This Dark Age

A manual for life in the modern world.

By Daniel Schwindt

This Dark Age is now available in paperback on Amazon. The print version is MUCH cleaner than this online version, which is largely unedited and has fallen by the wayside as the project has grown. If you’ve appreciated my writing, please consider leaving a review on the relevant paperback volumes. The print edition also includes new sections (Military History, War Psychology, Dogmatic Theology).

Volume 1 | Volume 2 | Volume 3| Volume 4 | Volume 5 | Volume 6

Beyond thought and prior to it

We must begin by acknowledging that the most significant truths we encounter in life are not expressible and must be wrestled with in solitude. Such things come to us, but we find that despite our sincerest efforts, the content of the encounter is not communicable.

Even those who are gifted in the verbalization of inner experiences are only able to approximate these realities, hinting at them, giving to others a small taste of what they mean, but the formulation is never exhaustive, never complete, never true to the reality in question.

This gives us our first hint at what will become more and more clear, which is that the more profound our understanding, and often the more meaningful and intimate it is to us, the less susceptible to rational expression it becomes. We will find that this is not because it is irrational or sub-rational, as simple emotion, but because the level of understanding in question is beyond rationality, as if the rational faculty were an electronic circuit which is too weak to handle the voltage of the truth undiluted.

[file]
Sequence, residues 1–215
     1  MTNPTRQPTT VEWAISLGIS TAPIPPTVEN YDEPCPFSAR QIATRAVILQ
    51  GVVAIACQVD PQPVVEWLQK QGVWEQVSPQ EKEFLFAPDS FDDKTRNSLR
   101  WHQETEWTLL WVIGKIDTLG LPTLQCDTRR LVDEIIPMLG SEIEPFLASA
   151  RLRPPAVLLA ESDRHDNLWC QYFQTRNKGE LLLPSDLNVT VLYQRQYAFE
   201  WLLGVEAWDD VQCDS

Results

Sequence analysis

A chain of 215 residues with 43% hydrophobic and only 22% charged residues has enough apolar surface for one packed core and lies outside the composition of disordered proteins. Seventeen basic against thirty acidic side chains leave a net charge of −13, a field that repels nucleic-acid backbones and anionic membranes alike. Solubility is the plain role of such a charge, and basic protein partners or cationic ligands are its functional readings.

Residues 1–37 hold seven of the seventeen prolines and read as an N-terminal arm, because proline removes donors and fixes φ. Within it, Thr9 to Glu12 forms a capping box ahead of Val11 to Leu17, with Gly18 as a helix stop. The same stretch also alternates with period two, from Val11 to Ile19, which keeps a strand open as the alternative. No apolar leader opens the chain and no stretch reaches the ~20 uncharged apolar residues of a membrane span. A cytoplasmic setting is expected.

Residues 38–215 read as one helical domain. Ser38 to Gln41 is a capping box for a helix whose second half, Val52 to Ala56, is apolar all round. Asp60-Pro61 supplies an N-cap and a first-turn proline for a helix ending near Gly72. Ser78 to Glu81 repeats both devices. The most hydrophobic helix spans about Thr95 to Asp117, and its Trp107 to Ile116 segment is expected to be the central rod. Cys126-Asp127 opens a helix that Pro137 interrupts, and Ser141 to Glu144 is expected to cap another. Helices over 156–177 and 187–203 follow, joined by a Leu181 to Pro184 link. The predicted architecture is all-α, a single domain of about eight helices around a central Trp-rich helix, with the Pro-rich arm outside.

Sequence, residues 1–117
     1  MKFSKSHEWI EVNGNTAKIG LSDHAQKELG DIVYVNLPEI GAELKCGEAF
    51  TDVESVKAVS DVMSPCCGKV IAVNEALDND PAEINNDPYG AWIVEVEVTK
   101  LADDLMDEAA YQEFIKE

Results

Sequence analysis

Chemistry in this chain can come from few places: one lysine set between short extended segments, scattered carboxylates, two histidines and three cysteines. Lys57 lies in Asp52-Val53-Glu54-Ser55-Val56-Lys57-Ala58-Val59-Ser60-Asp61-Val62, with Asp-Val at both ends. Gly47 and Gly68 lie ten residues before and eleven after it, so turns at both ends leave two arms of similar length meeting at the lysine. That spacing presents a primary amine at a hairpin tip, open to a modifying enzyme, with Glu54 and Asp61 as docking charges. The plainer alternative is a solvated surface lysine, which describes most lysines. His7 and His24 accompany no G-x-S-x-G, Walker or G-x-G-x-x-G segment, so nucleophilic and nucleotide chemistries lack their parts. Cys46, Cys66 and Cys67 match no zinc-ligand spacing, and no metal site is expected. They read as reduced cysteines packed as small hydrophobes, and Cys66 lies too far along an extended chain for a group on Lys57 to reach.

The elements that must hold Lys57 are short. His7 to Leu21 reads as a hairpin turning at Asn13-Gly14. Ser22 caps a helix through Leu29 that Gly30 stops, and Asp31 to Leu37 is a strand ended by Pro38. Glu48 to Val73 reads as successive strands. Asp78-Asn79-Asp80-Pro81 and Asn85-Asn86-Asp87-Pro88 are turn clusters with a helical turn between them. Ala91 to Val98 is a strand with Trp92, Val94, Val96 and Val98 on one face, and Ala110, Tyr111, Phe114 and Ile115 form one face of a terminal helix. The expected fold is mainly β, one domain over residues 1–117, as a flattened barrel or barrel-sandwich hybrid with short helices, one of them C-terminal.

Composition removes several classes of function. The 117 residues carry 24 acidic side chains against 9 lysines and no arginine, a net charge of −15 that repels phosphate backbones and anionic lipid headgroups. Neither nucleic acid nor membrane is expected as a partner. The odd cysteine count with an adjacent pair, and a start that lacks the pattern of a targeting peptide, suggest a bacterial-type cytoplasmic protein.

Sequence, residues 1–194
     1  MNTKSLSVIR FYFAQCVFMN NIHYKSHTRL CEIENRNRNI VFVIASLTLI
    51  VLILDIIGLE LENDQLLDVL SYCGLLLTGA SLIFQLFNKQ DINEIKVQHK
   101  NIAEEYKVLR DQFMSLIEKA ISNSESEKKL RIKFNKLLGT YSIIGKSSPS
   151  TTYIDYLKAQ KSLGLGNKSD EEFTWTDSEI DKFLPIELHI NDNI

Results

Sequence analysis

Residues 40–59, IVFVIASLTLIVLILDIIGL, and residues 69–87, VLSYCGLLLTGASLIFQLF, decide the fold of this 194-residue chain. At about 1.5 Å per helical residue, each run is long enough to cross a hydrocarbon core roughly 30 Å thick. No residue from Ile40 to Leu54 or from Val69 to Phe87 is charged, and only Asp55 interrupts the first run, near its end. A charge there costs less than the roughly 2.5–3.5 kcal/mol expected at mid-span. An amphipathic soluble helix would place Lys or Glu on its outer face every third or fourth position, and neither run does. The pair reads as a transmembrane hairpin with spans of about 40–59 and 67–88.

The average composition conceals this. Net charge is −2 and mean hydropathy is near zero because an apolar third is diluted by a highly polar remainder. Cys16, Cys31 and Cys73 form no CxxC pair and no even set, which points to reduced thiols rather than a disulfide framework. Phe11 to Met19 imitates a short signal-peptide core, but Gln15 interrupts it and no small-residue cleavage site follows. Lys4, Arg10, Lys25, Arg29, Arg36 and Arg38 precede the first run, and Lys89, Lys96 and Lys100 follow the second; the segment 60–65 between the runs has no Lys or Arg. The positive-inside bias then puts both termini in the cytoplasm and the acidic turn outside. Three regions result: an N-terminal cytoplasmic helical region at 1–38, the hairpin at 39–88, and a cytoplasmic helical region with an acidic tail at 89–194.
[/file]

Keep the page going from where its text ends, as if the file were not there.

The notion that the inexpressible is more profound, more true, than the expressible, is demonstrated by the fact, clear to any sensitive being, that all great works of art, all poetry, is the manifestation of an attempt to give form to an experience that is prior to form, and the production of beautiful things is a response to an encounter with something far more beautiful than the sum total of the any artist’s life work. Art is a striving to externalize an inner experience of something that can only be expressed in diluted form. The Sistine Chapel is the clothing sewn by a sensitive soul, draped over a vision that defied concrete expression.

To write off the history of art as belonging to the irrational side of man, simply because we can obviously not explain it by rational speculation, is frankly dishonest.

To utter profound things is to bear witness to a greater profundity that cannot be taught but only intimated; but it can only be intimated by someone who knows it intimately, and to such a one it is more real than any feeble external productions, which cannot be more than vague recollections of what was seen in a flash of insight.

It does not help matters that this flash of insight is like a sudden vision of the sun: we come away dazzled, even blinded, and by the time we regain our senses we are only left seeing spots, as if the only thing we have to show for the experience is a kind of wounding that is incommensurable with the light we perceived.

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